Alot of it is personal preference. 50mm allows you to isolate your subject a little more, but you don't have a wide-berth on the scale focus. A 35mm and 28mm allow you to show your subject in their environment and allow for a greater DOF when scale focusing. Anything Wider than a 28mm forces you to get really close which can make for some really interesting shots,. I like a 21mm in crowds where I'm close by default. So currently, I use a 21mm, 28mm, and 35mm, and a 50mm. I use them for different applications in the street.
It's like buying a pair of shoes, it has to fit you and what you want to do with it.
You should use the lens you think works best for whatever situation you happen to be in. There is no reason to decide what lens to use based on predetermined absolutes. All focal lengths from 17mm to 300mm have provided me with what I would call successful street photos. The lenses I use most for street photography are the same lenses I use most for any photography: 28, 35, 50, 135, and 24 and 200 every now and then. Occasionally 17 or 300 in the past, though I have now sold or traded both of these lenses. I would say that I use the 28, 35, and 50 equally most. I usually use the 35 instead of the 28 and 50. I use the 135 about half as much as either of these shorter lengths. I will use the 200 mostly only if I also have a 28 or 50 on another camera ready to shoot. I generally will have 35/135 or 28/50 on two cameras.
100mm on 6x9 has a wider angle of view than a 50mm lens on 24x36mm format. It is almost identical to the AOV of a 40mm lens on the smaller format, so is actually closer to a 35mm-focal-length-like AOV than to a 50mm-focal-length-like AOV. A 127mm lens on 6x9 will be closest to a 50mm lens on small format. A 65 on 6x9 is a little wider than a 28 on small format.
I don't understand this thread at all....are you sure we are all street photogs here.
You use everything and the close up mfd of wides is ...????
28 or 35mm are regarded as the classic or golden age FLs and away from these wider or longer is up to the photographer and the requirements of the scene.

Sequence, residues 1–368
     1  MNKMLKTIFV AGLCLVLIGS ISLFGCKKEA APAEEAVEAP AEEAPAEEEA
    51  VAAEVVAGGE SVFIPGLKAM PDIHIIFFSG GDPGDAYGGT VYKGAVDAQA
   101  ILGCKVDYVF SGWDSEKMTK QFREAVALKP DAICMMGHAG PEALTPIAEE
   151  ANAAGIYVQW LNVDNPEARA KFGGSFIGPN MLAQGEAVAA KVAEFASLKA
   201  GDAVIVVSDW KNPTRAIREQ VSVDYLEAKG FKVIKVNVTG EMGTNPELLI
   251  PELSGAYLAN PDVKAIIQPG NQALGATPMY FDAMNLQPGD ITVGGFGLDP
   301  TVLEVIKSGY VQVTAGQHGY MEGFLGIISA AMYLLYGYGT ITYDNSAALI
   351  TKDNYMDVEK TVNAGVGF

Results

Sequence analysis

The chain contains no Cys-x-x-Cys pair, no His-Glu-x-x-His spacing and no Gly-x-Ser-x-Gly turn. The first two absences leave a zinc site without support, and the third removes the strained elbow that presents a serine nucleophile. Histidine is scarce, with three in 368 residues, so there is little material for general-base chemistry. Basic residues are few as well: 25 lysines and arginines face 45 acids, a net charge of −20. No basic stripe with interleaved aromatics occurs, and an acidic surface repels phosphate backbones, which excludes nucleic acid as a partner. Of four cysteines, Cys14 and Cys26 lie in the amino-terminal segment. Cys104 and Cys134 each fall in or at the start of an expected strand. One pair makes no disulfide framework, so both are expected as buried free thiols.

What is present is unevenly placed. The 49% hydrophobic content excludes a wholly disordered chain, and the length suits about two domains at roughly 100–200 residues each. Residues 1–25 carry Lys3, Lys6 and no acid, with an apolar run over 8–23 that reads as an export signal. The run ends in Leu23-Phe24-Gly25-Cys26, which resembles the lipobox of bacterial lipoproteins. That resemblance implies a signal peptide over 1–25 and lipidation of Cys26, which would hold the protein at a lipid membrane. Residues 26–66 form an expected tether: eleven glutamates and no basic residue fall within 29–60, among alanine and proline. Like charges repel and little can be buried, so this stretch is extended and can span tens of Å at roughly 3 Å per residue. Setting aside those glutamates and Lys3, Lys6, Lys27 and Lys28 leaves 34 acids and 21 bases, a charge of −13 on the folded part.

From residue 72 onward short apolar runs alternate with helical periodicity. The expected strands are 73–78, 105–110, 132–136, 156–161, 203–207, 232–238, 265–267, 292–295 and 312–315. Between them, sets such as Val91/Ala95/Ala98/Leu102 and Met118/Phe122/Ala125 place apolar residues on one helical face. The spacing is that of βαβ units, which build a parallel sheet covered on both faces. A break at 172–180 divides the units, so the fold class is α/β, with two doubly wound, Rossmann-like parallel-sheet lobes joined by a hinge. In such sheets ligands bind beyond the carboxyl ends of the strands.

Street comprises; portraits in environment or isolated, buildings and architecture, groups or individuals, human or animal ...vegetable or mineral.
Are we catching on?
I shoot in 21, 28, 35, 50 & 100 but could easily incorporate wider and longer
I'm not the biggest fan of 50mm but for some shots I couldn't have done without it. My fav is 21mm...its so general purpose
I set myself a limit of 100mm but the decision had nothing to do with the subjects or scenes
I used to have a 50mm as my standard lens (on 35mm film), but I haven't used it much ever since I got a 35mm. I like the natural perspective: looking through the viewfinder is almost the same as normally viewing a scene. What you see is what you get = easy framing.
Regarding speed: since I can handhold a 35mm one stop slower than a 50mm, they're about equal. The greater depth of field makes it easier to focus in low light, too.
At least on some other forums I frequent, Bruce Gilden became the reference answer for 'what is street photography'. This tends to build a bit of machisimo - 'get within a few feet, hit them with a flash, if you aren't in peoples faces it isn't street photography'. This often goes along with 'everything most be totally in focus so you have to stop down., etc.
These shots have a place, but the they are just niche within street photography. Most of HCBs worth was with 50s as I recall, often with faster glass in case he was in a lower light situation. I'm sure many would attack his work as too far away, too blurry, too cropped and so forth.
I am not arguing that this is what people are saying here. In general though, I've found those with the strongest opinions tend to prefer more aggressive, invasive styles. Big surprise, right? :)
Instead of asking about focal length, I'd suggest looking at a lot of street photographs. Figure out which you like the most and see what focal length they were shot at. If there is a lot of consistency it may be worth giving that a shot yourself.
I have a problem with absolutes in creative pursuits. There are answers that are more common, but everyone has to answer this sort of question for themselves. That takes time and lots of effort.
My answer is 35mm, but I can understand how a 50 would do it - just enough to isolate a subject, not too much to lose the environment. I like having a touch more of the surrounding area in, so a 35 feels right for me.
Dogma is bad for your karma.